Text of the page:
We’re just gonna come right out and say it: It’s banana nuts that minimum wage laws haven’t existed as long as wages and laws. To our modern minds, it’s immediately obvious that offering a handful of change and a bag of Skittles for manning an industrial sewing machine all day is a human rights violation, but the history of the minimum wage is bafflingly complicated and disturbingly short.

The First State Laws

Massachusetts State House

(Unknown author/Wikimedia Commons)

Massachusetts passed the first state-level minimum wage law in 1912, but it was a lot different from today’s minimum wage laws in that it didn’t actually establish a minimum wage. The law only required the formation of a committee to whom employees could complain about low pay, and if they were found to have merit, their employer was named and shamed in the local paper. It also only applied to women and children, so men’s rights activists would have been reasonable at the time.

What Does “Federal” Mean, Anyway?

Until 1961, federal minimum wage laws only applied to businesses involved in interstate commerce, which is what the federal government had decided was their scope. That year, though, the law was expanded to cover way more employees because it turns out the federal government can be whatever we want it to be.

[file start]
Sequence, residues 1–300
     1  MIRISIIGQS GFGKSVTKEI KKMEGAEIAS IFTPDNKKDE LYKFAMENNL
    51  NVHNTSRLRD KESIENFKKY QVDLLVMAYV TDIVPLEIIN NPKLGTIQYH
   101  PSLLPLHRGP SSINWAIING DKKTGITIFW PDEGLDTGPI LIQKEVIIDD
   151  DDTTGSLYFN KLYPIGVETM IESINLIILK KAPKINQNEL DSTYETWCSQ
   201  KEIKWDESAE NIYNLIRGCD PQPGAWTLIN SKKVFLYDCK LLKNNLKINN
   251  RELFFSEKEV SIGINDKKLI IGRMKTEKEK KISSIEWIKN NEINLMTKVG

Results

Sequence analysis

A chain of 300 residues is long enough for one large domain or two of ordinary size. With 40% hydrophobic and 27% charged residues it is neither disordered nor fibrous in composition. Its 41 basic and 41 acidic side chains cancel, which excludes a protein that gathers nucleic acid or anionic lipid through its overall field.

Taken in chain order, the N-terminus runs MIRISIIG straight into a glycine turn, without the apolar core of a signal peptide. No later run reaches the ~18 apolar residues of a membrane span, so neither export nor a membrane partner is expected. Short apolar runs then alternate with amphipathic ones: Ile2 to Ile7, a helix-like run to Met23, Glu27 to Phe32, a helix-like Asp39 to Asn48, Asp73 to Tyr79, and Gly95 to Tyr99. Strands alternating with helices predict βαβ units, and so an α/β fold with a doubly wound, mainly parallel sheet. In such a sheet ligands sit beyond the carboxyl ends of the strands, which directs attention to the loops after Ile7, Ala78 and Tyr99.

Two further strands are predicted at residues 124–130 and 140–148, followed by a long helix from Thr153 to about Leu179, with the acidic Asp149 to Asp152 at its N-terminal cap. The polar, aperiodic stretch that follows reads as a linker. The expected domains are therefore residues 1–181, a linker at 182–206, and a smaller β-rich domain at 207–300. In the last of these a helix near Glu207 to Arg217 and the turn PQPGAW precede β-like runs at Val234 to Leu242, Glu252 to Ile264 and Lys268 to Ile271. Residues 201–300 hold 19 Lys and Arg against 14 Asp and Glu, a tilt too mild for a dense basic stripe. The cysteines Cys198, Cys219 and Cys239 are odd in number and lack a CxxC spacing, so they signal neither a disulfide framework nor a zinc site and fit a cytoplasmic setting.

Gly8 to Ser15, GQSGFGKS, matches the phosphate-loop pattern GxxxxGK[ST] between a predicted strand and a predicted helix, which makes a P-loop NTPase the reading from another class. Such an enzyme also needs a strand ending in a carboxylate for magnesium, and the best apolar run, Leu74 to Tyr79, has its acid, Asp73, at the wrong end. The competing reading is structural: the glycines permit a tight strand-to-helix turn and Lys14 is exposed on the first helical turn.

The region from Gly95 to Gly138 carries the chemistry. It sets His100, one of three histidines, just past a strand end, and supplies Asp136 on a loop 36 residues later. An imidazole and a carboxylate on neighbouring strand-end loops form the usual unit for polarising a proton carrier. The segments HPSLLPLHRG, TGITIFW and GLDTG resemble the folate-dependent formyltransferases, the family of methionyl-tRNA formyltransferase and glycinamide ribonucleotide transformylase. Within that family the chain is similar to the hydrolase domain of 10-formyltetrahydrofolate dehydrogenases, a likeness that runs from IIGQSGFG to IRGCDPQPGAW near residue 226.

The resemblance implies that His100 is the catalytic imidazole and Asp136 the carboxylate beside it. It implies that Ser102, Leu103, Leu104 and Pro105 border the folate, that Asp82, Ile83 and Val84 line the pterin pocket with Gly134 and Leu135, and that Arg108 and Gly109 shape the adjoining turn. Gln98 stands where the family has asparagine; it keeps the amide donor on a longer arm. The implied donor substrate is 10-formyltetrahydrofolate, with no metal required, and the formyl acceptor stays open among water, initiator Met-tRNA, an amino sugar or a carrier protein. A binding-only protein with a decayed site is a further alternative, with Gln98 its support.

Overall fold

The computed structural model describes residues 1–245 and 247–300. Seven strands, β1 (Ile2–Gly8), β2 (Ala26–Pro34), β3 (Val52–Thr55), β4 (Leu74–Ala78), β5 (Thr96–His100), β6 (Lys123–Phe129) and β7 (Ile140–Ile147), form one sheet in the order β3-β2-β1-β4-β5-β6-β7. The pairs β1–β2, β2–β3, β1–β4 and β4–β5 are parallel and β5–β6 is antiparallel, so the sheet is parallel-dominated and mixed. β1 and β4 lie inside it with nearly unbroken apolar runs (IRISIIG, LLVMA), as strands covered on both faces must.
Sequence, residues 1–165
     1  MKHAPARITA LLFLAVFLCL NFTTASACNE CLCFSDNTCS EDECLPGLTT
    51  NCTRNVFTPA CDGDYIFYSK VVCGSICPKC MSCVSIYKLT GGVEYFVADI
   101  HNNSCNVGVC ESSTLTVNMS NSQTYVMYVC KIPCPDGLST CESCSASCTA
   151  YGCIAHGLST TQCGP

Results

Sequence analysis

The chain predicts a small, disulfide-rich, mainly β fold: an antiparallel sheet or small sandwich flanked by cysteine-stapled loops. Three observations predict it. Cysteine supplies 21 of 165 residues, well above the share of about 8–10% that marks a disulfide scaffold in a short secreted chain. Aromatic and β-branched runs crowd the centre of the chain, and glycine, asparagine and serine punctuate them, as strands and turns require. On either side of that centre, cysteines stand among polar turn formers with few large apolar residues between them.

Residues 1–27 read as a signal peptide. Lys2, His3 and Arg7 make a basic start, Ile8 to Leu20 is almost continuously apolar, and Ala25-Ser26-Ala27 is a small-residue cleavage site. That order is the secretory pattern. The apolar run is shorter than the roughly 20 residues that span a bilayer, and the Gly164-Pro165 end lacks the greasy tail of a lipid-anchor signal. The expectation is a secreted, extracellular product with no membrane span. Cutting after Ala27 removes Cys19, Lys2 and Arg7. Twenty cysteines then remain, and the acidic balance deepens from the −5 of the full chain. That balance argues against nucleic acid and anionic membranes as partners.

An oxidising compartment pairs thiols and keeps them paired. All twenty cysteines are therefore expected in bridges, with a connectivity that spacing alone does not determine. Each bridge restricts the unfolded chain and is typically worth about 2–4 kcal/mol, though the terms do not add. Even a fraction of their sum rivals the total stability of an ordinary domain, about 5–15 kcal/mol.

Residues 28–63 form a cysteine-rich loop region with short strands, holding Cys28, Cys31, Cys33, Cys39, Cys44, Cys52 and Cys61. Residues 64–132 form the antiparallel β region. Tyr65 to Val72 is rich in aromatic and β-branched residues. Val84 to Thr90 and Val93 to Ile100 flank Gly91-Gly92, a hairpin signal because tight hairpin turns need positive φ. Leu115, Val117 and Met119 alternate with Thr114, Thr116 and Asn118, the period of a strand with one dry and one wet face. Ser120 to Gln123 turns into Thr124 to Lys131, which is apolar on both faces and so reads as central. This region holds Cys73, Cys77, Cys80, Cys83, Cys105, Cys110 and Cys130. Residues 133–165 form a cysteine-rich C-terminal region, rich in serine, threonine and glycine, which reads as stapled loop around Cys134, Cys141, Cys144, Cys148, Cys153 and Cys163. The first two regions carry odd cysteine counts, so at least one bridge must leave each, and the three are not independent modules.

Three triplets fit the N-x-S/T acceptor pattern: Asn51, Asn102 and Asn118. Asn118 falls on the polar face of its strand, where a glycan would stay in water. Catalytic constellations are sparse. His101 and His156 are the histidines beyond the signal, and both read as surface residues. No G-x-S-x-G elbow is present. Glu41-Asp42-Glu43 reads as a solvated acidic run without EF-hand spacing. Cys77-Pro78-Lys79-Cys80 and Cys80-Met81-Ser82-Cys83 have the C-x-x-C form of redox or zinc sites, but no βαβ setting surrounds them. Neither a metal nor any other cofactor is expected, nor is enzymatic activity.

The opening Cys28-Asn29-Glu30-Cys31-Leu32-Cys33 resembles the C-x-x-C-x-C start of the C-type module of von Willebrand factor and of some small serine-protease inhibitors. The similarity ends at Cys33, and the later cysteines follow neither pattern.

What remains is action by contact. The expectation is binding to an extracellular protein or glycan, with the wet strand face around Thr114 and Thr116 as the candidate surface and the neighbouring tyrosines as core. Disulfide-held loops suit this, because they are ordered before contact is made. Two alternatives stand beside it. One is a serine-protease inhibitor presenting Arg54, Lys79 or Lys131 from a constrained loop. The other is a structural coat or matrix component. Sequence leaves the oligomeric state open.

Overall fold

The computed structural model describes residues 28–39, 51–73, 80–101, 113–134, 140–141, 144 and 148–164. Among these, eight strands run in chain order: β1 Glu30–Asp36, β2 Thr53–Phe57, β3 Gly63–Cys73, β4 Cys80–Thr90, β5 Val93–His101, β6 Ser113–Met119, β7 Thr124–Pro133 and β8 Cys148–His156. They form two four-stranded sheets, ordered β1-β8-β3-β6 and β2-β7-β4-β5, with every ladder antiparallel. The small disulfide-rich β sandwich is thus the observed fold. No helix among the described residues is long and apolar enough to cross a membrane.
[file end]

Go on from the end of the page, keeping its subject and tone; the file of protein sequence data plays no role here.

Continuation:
A Long Way to Go

Minimum wage protest

(Fibonacci Blue/Wikimedia Commons)

The last time the minimum wage was raised was 2009, when it was set at $7.25. Inflation has increased 38% since then, so if any politicians are out there, that might be something to look into. This is definitely the first time it’s been brought to your attention.

Top image: Steven Cleghorn/Unsplash

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